There was a time, a long time, where I didn’t read any fantasy. It was my lifeblood as a kid, reading and re-reading Tolkien, Terry Brooks’s Shanara series, and dozens upon dozens of careful perusals through my tattered copies of my Dungeons & Dragons tombs. I used to take colored pencils so I could bring the various beasts and gods to life in the Monster Manual, Fiend Folio, and Deities and Demigods.
And then something happened. I got older. I put fantasy away for science fiction, which gave way for horror, which then transformed into the surreal work of more contemporary fiction, finding the absurd and unexplained in books by Italo Calvino, Haruki Murakami, Tom Robbins…chances are if it had the Vintage imprint I bought it. And I loved those books – still do – but felt at the time I had no need for the flights of fancy fantasy provided in my youth – the things of wonder I wanted from them I could find in more serious, “literate” books.
I’m guessing a lot of us fall down that path in our 20s.
What brought me back to my senses was a combination of things, but the primary driver was fear. In this case it was the very real fear of my younger brother dying. In the late 90s he was diagnosed with Berger’s disease, also know as iGa nephropathy. With no known cure, it was a waiting game for him to go into renal failure. One of the things you may not know is that even if you have a match for a kidney donor, you can’t actually donate the kidney until the other person goes into renal failure. Which meant that for almost 10 years I had to watch my brother slowly get weaker and weaker, become bloated and sick from all the drugs, and sit for hours on an uncomfortable chair in my mother’s bedroom (he had to move back home) doing dialysis before I could actually do anything to help.
The stress of that final year – 2005 – was compounded by the discovery of issues with my liver. So in order to qualify as my brother’s donor I spent a year significantly altering my life. I dropped 45 pounds, stopped drinking, exercised every day. All the while being interviewed and having blood drawn every week and MRIs done and consultations with my wife over the chances of anything happening to me during the process. We had just bought a house, and were coming around to having kids, and had to sit and be told of the exact percentages I had of dying during the procedure.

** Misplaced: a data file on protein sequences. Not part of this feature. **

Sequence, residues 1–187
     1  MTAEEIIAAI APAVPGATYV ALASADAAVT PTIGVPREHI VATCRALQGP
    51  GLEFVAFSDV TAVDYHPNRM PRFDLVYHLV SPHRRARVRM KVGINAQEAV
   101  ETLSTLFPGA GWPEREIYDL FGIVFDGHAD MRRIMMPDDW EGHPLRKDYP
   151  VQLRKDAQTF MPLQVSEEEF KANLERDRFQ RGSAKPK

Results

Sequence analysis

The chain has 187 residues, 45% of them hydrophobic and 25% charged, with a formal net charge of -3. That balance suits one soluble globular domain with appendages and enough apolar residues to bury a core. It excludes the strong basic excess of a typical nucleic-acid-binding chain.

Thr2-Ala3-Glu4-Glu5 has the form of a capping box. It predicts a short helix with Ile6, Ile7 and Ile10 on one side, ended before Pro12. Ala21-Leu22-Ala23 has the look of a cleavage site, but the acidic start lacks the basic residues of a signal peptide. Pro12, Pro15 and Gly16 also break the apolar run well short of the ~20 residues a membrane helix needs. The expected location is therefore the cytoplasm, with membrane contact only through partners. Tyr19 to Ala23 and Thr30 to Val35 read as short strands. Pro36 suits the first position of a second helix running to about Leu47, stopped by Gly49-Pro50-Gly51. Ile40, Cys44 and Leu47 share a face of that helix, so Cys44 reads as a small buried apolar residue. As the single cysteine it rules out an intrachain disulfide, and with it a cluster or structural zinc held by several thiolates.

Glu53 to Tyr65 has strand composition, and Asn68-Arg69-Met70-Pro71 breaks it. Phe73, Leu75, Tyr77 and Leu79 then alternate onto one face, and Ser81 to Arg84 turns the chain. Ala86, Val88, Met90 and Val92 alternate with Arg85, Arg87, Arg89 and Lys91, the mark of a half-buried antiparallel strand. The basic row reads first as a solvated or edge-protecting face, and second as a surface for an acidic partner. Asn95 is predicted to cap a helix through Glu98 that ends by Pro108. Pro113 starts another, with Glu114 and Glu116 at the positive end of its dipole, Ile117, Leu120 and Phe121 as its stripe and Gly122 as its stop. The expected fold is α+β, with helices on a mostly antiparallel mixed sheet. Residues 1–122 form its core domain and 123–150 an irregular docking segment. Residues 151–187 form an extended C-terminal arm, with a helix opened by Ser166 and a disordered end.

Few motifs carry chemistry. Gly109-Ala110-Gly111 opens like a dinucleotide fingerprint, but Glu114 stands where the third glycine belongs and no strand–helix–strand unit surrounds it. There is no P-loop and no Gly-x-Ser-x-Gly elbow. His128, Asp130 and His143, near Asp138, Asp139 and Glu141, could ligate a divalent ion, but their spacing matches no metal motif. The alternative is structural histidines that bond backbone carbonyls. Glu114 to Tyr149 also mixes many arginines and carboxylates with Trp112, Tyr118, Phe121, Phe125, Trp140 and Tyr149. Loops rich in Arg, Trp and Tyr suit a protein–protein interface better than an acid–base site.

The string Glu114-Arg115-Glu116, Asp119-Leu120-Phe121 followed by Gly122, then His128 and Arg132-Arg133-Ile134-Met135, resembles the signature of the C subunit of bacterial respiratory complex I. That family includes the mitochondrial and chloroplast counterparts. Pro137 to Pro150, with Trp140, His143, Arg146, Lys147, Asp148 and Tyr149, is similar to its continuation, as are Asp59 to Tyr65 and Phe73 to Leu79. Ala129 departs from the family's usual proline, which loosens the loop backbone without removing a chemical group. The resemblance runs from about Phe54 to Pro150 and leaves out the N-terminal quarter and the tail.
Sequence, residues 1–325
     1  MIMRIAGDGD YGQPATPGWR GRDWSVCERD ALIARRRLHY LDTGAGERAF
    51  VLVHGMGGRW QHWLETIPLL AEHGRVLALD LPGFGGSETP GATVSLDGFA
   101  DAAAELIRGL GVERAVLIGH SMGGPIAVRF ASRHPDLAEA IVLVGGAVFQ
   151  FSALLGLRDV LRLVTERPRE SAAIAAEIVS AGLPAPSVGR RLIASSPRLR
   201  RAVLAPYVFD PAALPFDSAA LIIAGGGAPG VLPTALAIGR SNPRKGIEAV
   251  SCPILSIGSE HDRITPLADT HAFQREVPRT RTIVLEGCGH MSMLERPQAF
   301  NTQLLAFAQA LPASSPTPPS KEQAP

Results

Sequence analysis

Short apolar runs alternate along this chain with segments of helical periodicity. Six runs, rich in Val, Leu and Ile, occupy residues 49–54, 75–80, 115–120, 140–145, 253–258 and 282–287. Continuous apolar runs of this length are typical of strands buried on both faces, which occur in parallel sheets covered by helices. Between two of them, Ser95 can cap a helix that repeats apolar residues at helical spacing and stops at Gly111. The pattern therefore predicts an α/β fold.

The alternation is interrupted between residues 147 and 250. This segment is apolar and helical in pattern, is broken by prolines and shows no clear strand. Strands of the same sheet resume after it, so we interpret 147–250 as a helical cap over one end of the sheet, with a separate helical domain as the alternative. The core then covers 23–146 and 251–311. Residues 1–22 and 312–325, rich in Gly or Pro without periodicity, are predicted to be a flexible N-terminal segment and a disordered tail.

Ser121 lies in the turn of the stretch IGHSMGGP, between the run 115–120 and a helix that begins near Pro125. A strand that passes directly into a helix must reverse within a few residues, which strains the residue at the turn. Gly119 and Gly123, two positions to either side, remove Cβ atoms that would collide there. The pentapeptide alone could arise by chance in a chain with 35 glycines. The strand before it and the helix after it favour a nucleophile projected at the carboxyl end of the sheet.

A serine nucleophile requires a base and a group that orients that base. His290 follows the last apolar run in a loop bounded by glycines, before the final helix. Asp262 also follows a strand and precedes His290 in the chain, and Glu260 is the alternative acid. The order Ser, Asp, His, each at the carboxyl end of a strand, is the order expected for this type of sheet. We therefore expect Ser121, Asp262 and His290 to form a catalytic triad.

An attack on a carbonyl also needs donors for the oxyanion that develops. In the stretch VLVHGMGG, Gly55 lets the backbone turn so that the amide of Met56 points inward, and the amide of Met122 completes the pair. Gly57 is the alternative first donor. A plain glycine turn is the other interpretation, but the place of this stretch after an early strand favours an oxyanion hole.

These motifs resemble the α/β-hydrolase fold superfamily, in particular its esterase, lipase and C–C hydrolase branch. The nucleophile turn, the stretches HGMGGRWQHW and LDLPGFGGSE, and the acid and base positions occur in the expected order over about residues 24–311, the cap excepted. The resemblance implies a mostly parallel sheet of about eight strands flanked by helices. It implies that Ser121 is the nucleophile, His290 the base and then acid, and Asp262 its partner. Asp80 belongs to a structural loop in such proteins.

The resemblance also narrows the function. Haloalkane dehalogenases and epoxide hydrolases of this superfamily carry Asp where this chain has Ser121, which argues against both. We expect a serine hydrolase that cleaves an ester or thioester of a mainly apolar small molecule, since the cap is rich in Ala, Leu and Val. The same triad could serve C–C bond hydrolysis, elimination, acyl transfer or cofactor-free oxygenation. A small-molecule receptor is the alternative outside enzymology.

Aside: it was low, but they have to give you all this information before an organ donation. You can opt out at any moment, up to and including them wheeling you into surgery. They even had lines they would tell the patient so that it didn’t look like you said no. Weird to remember this now, 12 years later.
I understand we haven’t even spoken about Oathbringer yet, but I wanted to try and paint the frame of mind I was in when I started writing for a British book review site called Un:Bound (sadly defunct now). The site primarily focused on fantasy and romance, but I became online friends with the site owner Adele (an incredible woman who now runs her own publishing imprint) and I came aboard to write reviews and help out moderating the insane romance forum they established. Wanting to get into the spirit of the site more, I posted an article asking about the current state of fantasy and – if I were to dip a toe back in – where should I start? This may not come as a surprise, but even 10 years ago people were voracious to impart their opinion online, so I had a host of choices to pick from, with only 80% of them being George R.R. Martin’s Song of Ice and Fire series.